Holy Crap, Saw Doesn’t Suck


I have a secret mission whenever I attend E3: to find the clunkers. E3 is a vast, sprawling affair, with hundreds upon hundreds of game stations set up across its many booths, and what to put in those stations requires careful thought and consideration. Do you put the same game in many different play spots, so that more people can give it a try, or do put many different games there, to display a variety of offerings? The right answer depends on who you are and how much room you’ve got, but without fail, every year, valuable real estate is given up to games that simply shouldn’t be there. Maybe they’re broken. Maybe they’re baffling. Maybe they just plain suck. Whatever their particular backstory, I make it my mission to track them down every year, if only for my own personal amusement and sense of individuality. Any E3 attendee can say they played Twilight Princess, but how many of them gave Shuffling Roses a try? (It’s a tango game, in case you were wondering.)

This year, I must confess, I utterly failed in my mission. I thought I had it nailed, I really did – I saw a prime candidate for suckitude given not one, but two spots in Konami’s booth. As I put down my bag and put on the headphones, I smiled knowingly to myself, because I knew, with my years of experience, that this game would be the butt of many jokes to come. Because, really, how good could the Saw game be?

Actually, pretty darn good. Yeah, I know, I’m as surprised as you are.

Saw takes place between the first two movies in the franchise. You play as the Danny Glover character, waking up to find that you’ve been strapped into the reverse bear trap. This is where the demo begins, with Jigsaw telling you how your obsession with catching him is ruining your life and you have to make your choice and blah blah blah – you know how he is. Your first goal is simple and obvious: rotate the left thumbstick to get yourself out of the trap before it goes off and rips your head apart. I sighed and followed the on-screen prompt to twirl the stick, unimpressed by this insultingly easy first puzzle.

And then the trap went off and made me into something resembling a broken Pez dispenser. Hmmmm.

Ok, ok, I must’ve not rotated the stick correctly. So I tried again. And failed again. And again. Aaaaand again. What the hell was going on? I was doing as I was told, but still failing. As I waited for the demo to load after the bear trap sprang yet again, I glanced over at the folks on my left, who were having the same trouble I was. And that’s when I saw it – a small square lighting up on the side of the bear trap. How could I have missed it? Now that I knew what to look for, beating the first puzzle was a breeze – twiddle the thumbstick and hit the button indicated when the light flashed. And just like that, I was free.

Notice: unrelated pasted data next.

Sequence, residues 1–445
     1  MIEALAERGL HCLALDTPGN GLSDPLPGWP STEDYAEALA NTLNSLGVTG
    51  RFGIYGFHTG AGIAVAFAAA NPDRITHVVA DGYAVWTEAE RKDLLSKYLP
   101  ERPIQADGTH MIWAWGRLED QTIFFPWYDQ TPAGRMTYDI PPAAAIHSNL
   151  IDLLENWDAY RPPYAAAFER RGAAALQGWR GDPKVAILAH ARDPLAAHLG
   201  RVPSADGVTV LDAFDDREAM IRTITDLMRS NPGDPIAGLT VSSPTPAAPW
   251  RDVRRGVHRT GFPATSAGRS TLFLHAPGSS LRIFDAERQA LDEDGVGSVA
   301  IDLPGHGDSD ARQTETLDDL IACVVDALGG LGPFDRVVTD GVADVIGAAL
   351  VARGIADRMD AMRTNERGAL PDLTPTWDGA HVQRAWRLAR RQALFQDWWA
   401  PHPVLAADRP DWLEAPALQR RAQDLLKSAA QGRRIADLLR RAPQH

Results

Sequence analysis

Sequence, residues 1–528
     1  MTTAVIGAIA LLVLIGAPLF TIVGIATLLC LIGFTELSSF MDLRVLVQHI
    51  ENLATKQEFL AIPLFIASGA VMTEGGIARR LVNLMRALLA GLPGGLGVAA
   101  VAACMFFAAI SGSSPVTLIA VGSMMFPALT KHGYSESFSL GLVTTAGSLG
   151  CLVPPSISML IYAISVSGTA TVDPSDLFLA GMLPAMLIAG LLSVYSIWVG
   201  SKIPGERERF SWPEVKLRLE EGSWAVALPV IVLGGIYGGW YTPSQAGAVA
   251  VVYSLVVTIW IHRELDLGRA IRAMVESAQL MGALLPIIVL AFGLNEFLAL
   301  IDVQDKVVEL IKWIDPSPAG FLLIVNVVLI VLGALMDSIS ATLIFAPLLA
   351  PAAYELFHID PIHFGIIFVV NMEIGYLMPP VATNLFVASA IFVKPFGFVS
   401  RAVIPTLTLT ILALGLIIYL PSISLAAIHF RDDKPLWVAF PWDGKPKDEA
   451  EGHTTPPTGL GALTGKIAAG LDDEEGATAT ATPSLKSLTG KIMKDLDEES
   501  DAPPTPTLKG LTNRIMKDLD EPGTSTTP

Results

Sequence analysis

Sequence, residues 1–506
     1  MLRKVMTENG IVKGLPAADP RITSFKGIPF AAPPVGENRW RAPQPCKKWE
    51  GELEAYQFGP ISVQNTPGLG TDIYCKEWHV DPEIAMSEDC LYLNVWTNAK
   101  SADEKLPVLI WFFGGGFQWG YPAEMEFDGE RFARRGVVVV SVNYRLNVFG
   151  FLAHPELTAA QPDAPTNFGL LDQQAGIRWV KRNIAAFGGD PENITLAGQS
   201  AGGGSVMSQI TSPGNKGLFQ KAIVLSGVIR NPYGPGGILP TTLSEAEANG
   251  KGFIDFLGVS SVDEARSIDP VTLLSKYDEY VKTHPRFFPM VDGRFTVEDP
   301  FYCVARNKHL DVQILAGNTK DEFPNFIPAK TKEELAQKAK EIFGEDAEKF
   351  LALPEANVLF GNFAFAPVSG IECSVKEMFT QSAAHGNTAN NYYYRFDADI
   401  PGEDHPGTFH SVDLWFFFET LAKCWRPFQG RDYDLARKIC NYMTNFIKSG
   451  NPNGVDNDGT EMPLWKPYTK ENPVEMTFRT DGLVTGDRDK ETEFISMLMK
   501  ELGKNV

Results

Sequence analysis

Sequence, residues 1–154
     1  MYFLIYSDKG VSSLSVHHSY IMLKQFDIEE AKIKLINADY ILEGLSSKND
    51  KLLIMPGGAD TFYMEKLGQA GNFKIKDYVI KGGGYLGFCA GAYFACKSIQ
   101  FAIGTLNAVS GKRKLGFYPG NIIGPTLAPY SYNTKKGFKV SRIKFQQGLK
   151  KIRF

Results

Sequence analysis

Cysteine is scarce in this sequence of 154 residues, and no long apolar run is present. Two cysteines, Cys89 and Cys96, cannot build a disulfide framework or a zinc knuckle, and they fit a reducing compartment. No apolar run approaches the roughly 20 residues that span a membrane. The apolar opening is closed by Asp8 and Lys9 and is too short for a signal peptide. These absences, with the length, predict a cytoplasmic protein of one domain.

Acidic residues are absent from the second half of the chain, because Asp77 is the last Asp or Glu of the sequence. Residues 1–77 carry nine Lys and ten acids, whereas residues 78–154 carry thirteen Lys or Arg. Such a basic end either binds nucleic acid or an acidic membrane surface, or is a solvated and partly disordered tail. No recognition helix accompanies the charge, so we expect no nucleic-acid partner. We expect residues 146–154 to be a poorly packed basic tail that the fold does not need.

Clearly, Saw was going to be a more subtle experience than I had expected.

As the demo continues, you discover that you’re locked in an asylum and the key to your freedom has been sewn up into your gut. Worse, you’re not alone; you’ve got plenty of unwilling companions, each playing their own deadly game with Jigsaw. Sometimes the other prisoners help you, sometimes they attack you, and sometimes their fate is entirely in your hands. In one section, I had to work with another prisoner to unlock doors before we were both blown to smithereens. I had to fish a fuse out of a toilet filled with syringes, he had to flip the switch that would unlock the doors. Not sure why he got off so easy, but I’ll probably find him hanging from a hook later in the game, or something. It is the Saw universe, after all.

Unfortunately, the sound dropped out at several points during the demo, though that didn’t prevent me from solving any of the puzzles or developing a very genuine feeling of unease as I crept through the dingy halls of the asylum. The sense of uncertainty and fear is quite real as you slowly open doors and peer around corners; some doors are rigged with shotguns, requiring you to constantly be on your guard, ready for anything. At first, your only lightsource is a puny little Zippo, which does little more than emphasize just how much of your environment is covered in darkness. Oh, and you’re in your bare feet, which is, oddly enough, plus ten to scary.

So color me humbled. I assumed Saw would be complete crap, but instead discovered that not only was genuine thought and care put into its creation, but also that said thought and care apparently worked. True, I failed in my mission at this year’s E3, but I was reminded that fun games can come from just about anywhere – even horror movie franchises.

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